Exponent on Negative Number

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  • #1
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How come when you do something like -3^2=-9. Does it mean that the dash is a subtraction symbol and not a negative symbol?
 

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  • #2
Matterwave
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This is basically convention. When you see something like -3^2 without parenthesis, you take the exponent of the positive number 3 and then leave the negative symbol. Essentially -3^2 is shorthand for -(3^2). We put the parenthesis between the number and the exponent by convention. If you want to get the positive number 9, you would write (-3)^2=9.

Really, this is just convention, like reading an equation from left to right, or PEMDAS.
 
  • #3
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This is basically convention. When you see something like -3^2 without parenthesis, you take the exponent of the positive number 3 and then leave the negative symbol. Essentially -3^2 is shorthand for -(3^2). We put the parenthesis between the number and the exponent by convention. If you want to get the positive number 9, you would write (-3)^2=9.

Really, this is just convention, like reading an equation from left to right, or PEMDAS.
Sure, but what I was wondering is that the dash makes the number a negative. Why would you have to put it in parenthesis? The dash is simply showing the number is negative. Why would you put 3^2 in parenthesis then multiply by negative 1? Just as if 3 was positive it would be +3. Isn't the dash just saying the number is negative?
 
  • #4
Mentallic
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And keep in mind that the reason (-3)2=9 is because

[tex](-3)^2=(-1\times 3)^2=(-1)^2\times (3)^2 = (-1)\times(-1)\times 9= 1\times 9[/tex]
 
  • #5
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And keep in mind that the reason (-3)2=9 is because

[tex](-3)^2=(-1\times 3)^2=(-1)^2\times (3)^2 = (-1)\times(-1)\times 9= 1\times 9[/tex]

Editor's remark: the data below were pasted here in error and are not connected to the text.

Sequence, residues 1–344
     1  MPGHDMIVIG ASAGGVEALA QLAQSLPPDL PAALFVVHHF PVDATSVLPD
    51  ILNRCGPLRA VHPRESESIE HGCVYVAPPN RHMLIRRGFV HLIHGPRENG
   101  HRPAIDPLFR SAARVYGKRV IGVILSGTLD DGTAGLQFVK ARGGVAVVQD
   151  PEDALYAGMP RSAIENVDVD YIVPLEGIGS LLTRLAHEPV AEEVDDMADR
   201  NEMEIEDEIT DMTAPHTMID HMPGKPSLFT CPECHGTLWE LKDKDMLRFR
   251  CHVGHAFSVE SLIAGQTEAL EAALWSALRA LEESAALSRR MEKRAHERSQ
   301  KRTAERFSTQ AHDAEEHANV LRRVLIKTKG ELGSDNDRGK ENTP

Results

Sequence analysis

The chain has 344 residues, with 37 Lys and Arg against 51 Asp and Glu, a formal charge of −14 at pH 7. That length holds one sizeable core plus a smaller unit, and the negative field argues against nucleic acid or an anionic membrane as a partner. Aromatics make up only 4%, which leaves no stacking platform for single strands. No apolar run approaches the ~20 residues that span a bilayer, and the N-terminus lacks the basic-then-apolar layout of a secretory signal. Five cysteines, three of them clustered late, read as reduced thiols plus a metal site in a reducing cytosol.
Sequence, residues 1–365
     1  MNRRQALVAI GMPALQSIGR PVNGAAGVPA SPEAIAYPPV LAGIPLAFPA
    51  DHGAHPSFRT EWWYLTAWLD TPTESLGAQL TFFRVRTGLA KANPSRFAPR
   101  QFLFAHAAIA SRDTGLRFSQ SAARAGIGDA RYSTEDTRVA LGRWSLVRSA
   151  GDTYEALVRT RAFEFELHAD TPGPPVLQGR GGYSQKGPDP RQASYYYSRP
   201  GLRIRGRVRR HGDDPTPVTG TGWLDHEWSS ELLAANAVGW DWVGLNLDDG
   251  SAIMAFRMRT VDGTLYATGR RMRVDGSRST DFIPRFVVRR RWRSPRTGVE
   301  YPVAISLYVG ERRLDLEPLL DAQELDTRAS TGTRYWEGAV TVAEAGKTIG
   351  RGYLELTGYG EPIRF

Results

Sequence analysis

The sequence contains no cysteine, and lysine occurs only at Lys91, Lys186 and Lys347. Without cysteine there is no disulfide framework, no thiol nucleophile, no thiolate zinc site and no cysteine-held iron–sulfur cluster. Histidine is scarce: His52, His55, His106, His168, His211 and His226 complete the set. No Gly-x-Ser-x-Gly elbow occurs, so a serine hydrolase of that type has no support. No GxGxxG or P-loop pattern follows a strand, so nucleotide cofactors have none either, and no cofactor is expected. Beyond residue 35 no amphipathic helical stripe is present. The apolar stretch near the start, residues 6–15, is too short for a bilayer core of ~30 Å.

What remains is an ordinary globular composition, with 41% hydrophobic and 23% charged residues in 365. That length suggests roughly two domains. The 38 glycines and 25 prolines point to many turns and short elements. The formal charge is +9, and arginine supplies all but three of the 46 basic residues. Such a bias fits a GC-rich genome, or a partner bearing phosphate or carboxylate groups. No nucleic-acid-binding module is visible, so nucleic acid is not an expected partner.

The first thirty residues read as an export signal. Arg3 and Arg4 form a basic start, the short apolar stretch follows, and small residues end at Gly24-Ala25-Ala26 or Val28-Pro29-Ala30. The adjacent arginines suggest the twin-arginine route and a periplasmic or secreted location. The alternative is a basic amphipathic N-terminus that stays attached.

So a negative number is always -1 multiplied by that number? -3 = -1 * 3, but can't it as well just be 1 * -3? Negative 3 is just another number like positive 3, I thought.
 
  • #6
Matterwave
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Sure, but what I was wondering is that the dash makes the number a negative. Why would you have to put it in parenthesis? The dash is simply showing the number is negative. Why would you put 3^2 in parenthesis then multiply by negative 1? Just as if 3 was positive it would be +3. Isn't the dash just saying the number is negative?
It's just the way people decided to do things. There's nothing really wrong if you define -3^2 to equal (-3)^2, but we defined it the other way as -(3^2).

People could be completely pedantic and just demand the usage of parenthesis everywhere. So that 1+2*3 must be written 1+(2*3). But this is a hassle, so we use PEMDAS. This eliminates the need for a lot of parentheses. Exponentiation comes before all other operations (other than parenthesis) so you should read -3^2 as -(3^2).
 
  • #7
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This is basically convention. When you see something like -3^2 without parenthesis, you take the exponent of the positive number 3 and then leave the negative symbol. Essentially -3^2 is shorthand for -(3^2). We put the parenthesis between the number and the exponent by convention. If you want to get the positive number 9, you would write (-3)^2=9.

Really, this is just convention, like reading an equation from left to right, or PEMDAS.
If it's convention wouldn't it be better to just write (-1)3^2 instead of saying just -3^2 = -9 which is a bit confusing? (Or maybe it's just me :D)
 
  • #8
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It's just the way people decided to do things. There's nothing really wrong if you define -3^2 to equal (-3)^2, but we defined it the other way as -(3^2).

People could be completely pedantic and just demand the usage of parenthesis everywhere. So that 1+2*3 must be written 1+(2*3). But this is a hassle, so we use PEMDAS. This eliminates the need for a lot of parentheses. Exponentiation comes before all other operations (other than parenthesis) so you should read -3^2 as -(3^2).
OHHHH I see now! :D thanks man. Now it is clear!
 
  • #9
Mentallic
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So a negative number is always -1 multiplied by that number? -3 = -1 * 3, but can't it as well just be 1 * -3? Negative 3 is just another number like positive 3, I thought.
-3 IS just another number, but each number can be expressed in varying ways, and it turns out that -3 = -1*3 helps us, while -3 and 1*-3 give us no extra insight into why (-3)2=9 and not -9. If you know the rule [itex](ab)^n=a^n\times b^n[/itex] then you can use the fact that [itex]-3=-1\times 3[/itex] to prove to yourself that it is indeed the case.
 
  • #10
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-3 IS just another number, but each number can be expressed in varying ways, and it turns out that -3 = -1*3 helps us, while -3 and 1*-3 give us no extra insight into why (-3)2=9 and not -9. If you know the rule [itex](ab)^n=a^n\times b^n[/itex] then you can use the fact that [itex]-3=-1\times 3[/itex] to prove to yourself that it is indeed the case.
Yes yes I see that :D but just as you can say 3 = -1 * -3. I forgot about pemdas, but now I see. I just think it makes more sense (to me) to say that -3^2 = 9 instead of -9 (but of course mathematicians follow pemdas, so yea :D)
 
  • #11
symbolipoint